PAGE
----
That may explain why the economic bounce back from the COVID-inspired lockdown continues to exceed expectations and has put to rest any conversation about the shape of the recovery. It’s clearly a “V.” According to various sources:

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Homebuilders’ Housing Market Index Surge Shows Recovery More Than Just Homes

This article appeared online at TheNewAmerican.com on Thursday, July 16, 2020: 

The astonishing rebound in the NAHB/Wells Fargo Housing Market Index (HMI) implies much more than just a rebound in residential housing. It also reflects a positive impact on the overall economy and likely the election as well.

In April the HMI stood at 30 (50 is neutral; below is contracting, above is expanding), the lowest level seen since June 2012, eight years ago. In May it jumped to 37, in June it hit 58, and in July it leapt another 14 points to 72. That’s the level it hit in March before the pandemic shutdown.

Simply put, that means that housing has come all the way back to where it was in March, just four months ago.

But it means much more than

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Jobs Report Shows Nearly Five Million Jobs Added in June

This article appeared online at TheNewAmerican.com on Thursday, July 2, 2020:

The U.S. economy, recovering from the government-mandated lockdowns to limit the spread of the COVID-19 virus, rebounded sharply in June, exceeding forecasters’ expectations and confirming yesterday’s report from ADP.

According to the Labor Department, the economy generated nearly five million jobs in June, as those mandates lifted and restaurants and bars reopened. The unemployment rate dropped to 11 percent, down two percent from May and nearly half what it was in April.

Economists polled by Reuters had forecast payrolls increasing by three million jobs.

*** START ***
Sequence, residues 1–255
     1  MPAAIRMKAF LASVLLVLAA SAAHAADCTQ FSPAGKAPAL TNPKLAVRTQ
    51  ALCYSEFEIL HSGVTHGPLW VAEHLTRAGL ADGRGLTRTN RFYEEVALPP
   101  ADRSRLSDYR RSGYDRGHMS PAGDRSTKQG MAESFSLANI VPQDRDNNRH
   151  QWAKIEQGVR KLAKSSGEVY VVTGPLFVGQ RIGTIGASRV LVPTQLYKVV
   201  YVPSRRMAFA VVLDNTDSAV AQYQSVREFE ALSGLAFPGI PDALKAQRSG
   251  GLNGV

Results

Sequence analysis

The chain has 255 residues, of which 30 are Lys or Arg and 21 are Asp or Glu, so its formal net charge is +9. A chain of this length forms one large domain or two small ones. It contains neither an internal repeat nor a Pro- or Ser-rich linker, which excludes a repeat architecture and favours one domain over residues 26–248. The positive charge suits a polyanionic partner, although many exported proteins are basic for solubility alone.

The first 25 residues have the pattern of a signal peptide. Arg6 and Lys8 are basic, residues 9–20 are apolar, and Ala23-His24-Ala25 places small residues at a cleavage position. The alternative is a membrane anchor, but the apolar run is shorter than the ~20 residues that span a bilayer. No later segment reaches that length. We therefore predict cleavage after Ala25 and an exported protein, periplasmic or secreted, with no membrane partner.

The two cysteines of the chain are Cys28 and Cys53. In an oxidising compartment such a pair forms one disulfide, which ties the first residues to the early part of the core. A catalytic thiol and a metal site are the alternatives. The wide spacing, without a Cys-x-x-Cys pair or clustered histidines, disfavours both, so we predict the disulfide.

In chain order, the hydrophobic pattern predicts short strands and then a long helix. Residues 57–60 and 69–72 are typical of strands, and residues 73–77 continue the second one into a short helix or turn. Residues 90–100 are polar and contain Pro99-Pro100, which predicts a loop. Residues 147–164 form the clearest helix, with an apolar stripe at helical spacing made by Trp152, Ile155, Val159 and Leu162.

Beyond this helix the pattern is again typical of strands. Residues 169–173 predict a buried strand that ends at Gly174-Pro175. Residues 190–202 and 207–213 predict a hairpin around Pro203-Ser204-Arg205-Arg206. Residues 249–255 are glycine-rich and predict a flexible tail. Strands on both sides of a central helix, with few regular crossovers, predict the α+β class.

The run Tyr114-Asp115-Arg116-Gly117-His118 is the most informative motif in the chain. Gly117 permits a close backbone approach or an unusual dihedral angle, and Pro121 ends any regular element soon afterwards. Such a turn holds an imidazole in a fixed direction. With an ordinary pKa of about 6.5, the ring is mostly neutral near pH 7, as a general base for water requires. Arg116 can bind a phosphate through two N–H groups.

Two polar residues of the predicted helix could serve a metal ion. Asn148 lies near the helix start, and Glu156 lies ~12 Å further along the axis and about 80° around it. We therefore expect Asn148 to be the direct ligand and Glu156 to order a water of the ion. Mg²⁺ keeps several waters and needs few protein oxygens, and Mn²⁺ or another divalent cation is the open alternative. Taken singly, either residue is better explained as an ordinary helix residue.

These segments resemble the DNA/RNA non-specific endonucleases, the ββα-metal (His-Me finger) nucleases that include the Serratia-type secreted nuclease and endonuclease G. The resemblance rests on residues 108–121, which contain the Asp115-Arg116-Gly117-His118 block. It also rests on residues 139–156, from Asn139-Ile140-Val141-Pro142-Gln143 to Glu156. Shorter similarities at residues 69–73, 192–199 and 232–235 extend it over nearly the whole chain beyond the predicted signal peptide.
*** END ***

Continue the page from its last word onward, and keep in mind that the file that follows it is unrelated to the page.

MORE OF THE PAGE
The government reported that

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Dow and Employment Jump in May and June, Confirming Economy’s Rebound

This article appeared online at TheNewAmerican.com on Wednesday, July 1, 2020: 

Wall Street celebrated its best quarter since 1987, with the Dow gaining 17 percent from April through June, the S&P 500 Index rising 20 percent and the small-cap NASDAQ leaping 30 percent.

The news came on top of the latest report from the country’s largest payroll processor ADP, which reported that private-sector employment increased by more than 2.3 million from May to June. This came on top of employment gains in April of three million.

Job gains were across the board, with a million new jobs being reported by small companies employing fewer than 50 people, more than 550,000 by midsized companies, and nearly 900,000 reported by companies with 500 or more employees.

The goods-producing sector gained 457,000 jobs, with most of them in construction and manufacturing, while the service-sector employment jumped by nearly two million. The bulk of those, as expected, were in the “leisure and hospitality” sector as restaurants opened and customers flocked to take advantage.

To top it off,

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Chesapeake Energy Declares Bankruptcy; Should Emerge Leaner and Stronger

This article appeared online at TheNewAmerican.com on Monday, June 29, 2020: 

Chesapeake Energy Corporation, once the country’s second-largest natural-gas producer, declared bankruptcy on Sunday in Houston. Most on Wall Street weren’t surprised, as the company had warned repeatedly that it likely wouldn’t survive in its present form thanks to excessive debt and the COVID-19 lockdowns.

Wall Street used words such as “succumbs” and “failures” and the like to describe the company’s descent into bankruptcy.

The New American has chronicled the company’s history of enormous success — in 2011 Forbes named the company’s co-founder Aubrey McClendon to its “20-20 Club,” which is comprised of CEOs who had delivered to investors returns in excess of 20 percent a year for 20 years — as well as McClendon’s enormous tolerance for risk as he was building the company.